Posted in National Poetry Day 2019

National Poetry Week, Lie Poem from Coral Rumble

Wednesday’s National Poetry Day Week poem is from the wonderful Coral Rumble. Coral has worked as a poet and performer for many years and now specialises in writing and performing for children. She has three collections, Creatures, Teachers and Family FeaturesBreaking the Rulesillustrated by Nigel Bainesand My Teacher’s as Wild as a Bisonalso illustrated by Nigel Bainesand has poems in over 100 anthologies for young people. Her website is here.

The Lie Fox

 

Sometimes, the Lie Fox

Races out of my mouth

Before I can stop him.

 

He’s a sneaky character –

Crafty, cunning, conniving,

Tricking my tongue into action.

 

Speedily, he darts into ears,

Wriggles into the minds

Of my trusting friends.

 

He’s sly, that artful Lie Fox,

Always prising open my pursed lips,

Chasing the truth into dark corners.

 

© Coral Rumble

 

Thank you for this great lie poem, Coral!

Posted in Favourite Children's Poetry

Coral Rumble; My Favourite Poetry Books

Here is the second in the series where I’m asking children’s poets what their favourite poetry books are – they must choose one of their own, and they can if they wish choose a book of poems for adults, too. This week, it’s Coral Rumble!

I could list so many books, so I’ve decided to avoid listing any by my personal friends, as I wouldn’t be able to stop! (Not just because they’re my friends, but because they’re all ridiculously talented.) Instead, I’ve thought further afield and back in time; it’s been quite a journey!

I Am the Seed That Grew the Tree (Nosy Crow) Ed Fiona Waters

Hooray, hooray! In 2018 something unusual happened. A publisher spent a lot of money on producing a poetry book that was beautiful and inviting. With full colour illustrations throughout, the richness of text is matched by the extravagance of visual interpretation. What a breath of fresh air! Bravo Nosy Crow!

The Magic Box (Macmillan) Kit Wright

Okay, this might seem a blast from the past, but we’re only travelling back to 2010. Are there many schools where children have not been inspired to write their own version of the famous title poem? Playful language, a light touch, totally delightful.

Grandad’s Tree (Barefoot Books) Ed. Jill Bennett

First published in 2003, this book is bold in its treatment of sad subjects that children need to talk about. With poems from the likes of Grace Nichols, Berlie Doherty and Carl Sandburg, you know you’re in for a treat. ‘Always Remembering Eloise’ by Lindsay MacRae renders me speechless.

The Utter Nutters (Puffin) Brian Patten

I’m going to take you back a little further in time. In 1994 this fantastic collection of Brian’s poems delighted more visual learners, who responded to text and illustration working together. I remain still as fond of this innovative book based on the various wacky neighbours all living on one imagined street.

Something Big Has Been Here (HarperCollins) Jack Prelutsky

We’re still time travelling, this time back to 1990. I love Jack Prelutsky! He’s such a master of scansion; there are no untidy ends to tie. I want to skip through the pages of this book, not in the sense of haste, but in the sense of spirit.

When We Were Very Young (Methuen) A.A. Milne

First published in 1924! I’m not just being sentimental, I just love this book, containing classics like ‘Halfway Down’ and ‘Buckingham Palace’. It’s where my love of words started. On top of that, it’s full of wonderful illustrations by E.H. Shepherd!

And my own book?

Riding a Lion (Troika Books) Coral Rumble

Well, it’s kind of back to the future now, because this book doesn’t yet exist! I think most poets feel that their latest work is their best, and I’m very excited about this collection. Anyway, you can never start marketing too early!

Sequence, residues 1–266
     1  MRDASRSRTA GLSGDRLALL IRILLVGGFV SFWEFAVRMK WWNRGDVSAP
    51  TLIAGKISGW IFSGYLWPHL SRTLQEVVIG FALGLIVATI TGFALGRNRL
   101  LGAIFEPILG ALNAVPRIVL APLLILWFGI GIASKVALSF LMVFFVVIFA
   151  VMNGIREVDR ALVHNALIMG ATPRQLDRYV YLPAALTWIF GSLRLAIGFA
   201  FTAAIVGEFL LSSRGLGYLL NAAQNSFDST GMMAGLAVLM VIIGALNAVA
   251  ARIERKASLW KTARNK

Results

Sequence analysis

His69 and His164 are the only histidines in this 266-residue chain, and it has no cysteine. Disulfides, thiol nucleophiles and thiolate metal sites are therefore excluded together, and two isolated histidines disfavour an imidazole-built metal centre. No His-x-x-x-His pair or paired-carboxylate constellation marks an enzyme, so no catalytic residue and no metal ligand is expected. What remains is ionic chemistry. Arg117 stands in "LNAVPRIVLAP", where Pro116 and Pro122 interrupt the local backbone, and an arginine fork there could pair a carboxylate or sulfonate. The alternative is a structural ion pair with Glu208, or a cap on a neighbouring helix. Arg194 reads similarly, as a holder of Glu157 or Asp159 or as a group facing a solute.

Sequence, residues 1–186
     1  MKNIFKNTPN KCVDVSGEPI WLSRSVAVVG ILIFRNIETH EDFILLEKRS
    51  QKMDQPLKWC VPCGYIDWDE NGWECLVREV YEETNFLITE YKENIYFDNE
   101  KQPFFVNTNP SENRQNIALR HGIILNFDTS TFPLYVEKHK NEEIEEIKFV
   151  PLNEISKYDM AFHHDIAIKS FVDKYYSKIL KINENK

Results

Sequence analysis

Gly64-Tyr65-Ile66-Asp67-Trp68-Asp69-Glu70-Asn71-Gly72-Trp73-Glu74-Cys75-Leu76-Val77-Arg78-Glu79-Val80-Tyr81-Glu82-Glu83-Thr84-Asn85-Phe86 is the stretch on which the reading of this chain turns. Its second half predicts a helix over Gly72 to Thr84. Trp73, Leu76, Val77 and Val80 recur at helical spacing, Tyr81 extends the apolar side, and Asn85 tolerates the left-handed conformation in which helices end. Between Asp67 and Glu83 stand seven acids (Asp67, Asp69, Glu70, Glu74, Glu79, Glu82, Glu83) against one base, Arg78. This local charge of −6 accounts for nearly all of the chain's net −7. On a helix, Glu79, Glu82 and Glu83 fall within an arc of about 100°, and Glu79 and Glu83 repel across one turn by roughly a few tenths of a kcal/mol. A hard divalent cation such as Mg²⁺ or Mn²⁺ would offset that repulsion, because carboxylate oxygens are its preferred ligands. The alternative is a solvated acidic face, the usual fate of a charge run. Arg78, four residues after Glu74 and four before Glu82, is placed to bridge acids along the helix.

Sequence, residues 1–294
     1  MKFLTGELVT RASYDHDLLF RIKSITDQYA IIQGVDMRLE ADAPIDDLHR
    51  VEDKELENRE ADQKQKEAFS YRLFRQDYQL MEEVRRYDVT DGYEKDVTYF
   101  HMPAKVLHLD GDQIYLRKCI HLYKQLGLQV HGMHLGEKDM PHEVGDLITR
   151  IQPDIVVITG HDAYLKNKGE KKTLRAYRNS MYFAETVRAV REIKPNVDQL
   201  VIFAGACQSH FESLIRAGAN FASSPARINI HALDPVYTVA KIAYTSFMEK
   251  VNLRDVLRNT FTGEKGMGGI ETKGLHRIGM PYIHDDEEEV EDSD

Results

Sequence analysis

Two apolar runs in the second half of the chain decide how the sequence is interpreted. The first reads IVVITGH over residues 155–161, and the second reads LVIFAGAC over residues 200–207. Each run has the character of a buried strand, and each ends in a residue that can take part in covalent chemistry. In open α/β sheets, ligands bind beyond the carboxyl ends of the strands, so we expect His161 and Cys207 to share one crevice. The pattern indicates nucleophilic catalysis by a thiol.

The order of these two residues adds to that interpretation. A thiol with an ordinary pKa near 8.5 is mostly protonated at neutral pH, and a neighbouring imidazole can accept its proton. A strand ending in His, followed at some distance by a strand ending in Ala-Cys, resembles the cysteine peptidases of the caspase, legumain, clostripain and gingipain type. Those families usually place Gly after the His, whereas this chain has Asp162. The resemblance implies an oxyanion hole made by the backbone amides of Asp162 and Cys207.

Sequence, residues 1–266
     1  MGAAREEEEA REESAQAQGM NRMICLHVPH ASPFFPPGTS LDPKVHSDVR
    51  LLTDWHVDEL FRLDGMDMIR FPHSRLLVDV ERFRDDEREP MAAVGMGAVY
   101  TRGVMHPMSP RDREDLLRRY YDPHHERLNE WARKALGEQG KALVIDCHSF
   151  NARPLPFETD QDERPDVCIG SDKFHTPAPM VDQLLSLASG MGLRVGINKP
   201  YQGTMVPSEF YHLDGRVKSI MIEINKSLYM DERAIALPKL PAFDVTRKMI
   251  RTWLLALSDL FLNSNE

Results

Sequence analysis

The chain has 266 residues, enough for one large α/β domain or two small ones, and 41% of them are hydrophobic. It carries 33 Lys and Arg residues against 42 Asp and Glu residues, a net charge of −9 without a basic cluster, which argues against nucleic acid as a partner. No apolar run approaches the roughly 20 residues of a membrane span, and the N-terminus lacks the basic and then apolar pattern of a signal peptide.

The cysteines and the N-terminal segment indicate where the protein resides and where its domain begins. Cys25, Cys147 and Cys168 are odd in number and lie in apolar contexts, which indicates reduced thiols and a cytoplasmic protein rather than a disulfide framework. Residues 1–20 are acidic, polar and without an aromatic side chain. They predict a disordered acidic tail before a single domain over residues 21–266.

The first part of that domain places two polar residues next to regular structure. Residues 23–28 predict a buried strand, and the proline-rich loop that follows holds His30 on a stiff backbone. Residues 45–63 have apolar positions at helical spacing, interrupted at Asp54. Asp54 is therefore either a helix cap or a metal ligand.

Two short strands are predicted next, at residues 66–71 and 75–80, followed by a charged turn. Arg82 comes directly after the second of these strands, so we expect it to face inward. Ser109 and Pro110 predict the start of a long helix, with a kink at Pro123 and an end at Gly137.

Posted in A to Z Challenge 2019

#AtoZ Challenge; R is for Coral Rumble

Coral Rumble has worked as a poet and performer for many years and now specialises in writing and performing for children. She has three collections, Creatures, Teachers and Family FeaturesBreaking the Rulesillustrated by Nigel Bainesand My Teacher’s as Wild as a Bisonalso illustrated by Nigel Bainesand has poems in over 100 anthologies for young people. She performs and gives workshops art centres, books shops, libraries, theatres and festivals. Her website is here.

Here is the lovely poem Coral has sent for the Poetry Feast – it also has an ‘R’ in the title!

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LOOKING FOR RILEY

Riley had dragged the emptiness to school.
It would seem wrong to leave it in his bedroom
Where he had filled silent spaces with sobs.
Grandma had gone, but her songs hung in the air,
Small memories, pockets of comfort.

And now, in a dusty corner of the PE cupboard,
Riley sat and rocked and clutched his knees,
Resting his chin on his shiny, worn trousers
Stretching over his bent legs, hiding away
From questions he’d be asked, but couldn’t answer.

They were all looking for Riley, the teachers, Mrs Moore.
They would try to wipe his grief away, catch his tears
Before they hit the ground, before they made a mark
In the dust, before they stopped falling of their own accord.
So I hid with him, and somehow, it made him smile.

 

© Coral Rumble

 

If you would like to blog hop to the next AtoZ Challenge post then follow this link.

Children’s Poets’ Climate Change blog: Be the Change

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Posted in Poet's Piece

Caterpillar Prize-Winning Author Coral Rumble; The Challenge of Writing Poems for Children

Coral specialises in writing and performing for children, and as well as being in many anthologies, she has three collections; Creatures, Teachers and Family FeaturesBreaking the Rulesillustrated by Nigel Bainesand My Teacher’s as Wild as a Bisonalso illustrated by Nigel Baines. You can read more about Coral in her A-Z entry. Here Coral tells us something about writing poems for children, and also specifically about writing her prize-winning poem for Caterpillar Magazine

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THE CHALLENGE OF WRITING POEMS FOR CHILDREN.

(Written by a poet who still has much to learn.)

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I think that many poets would agree with N R Hart, who has said,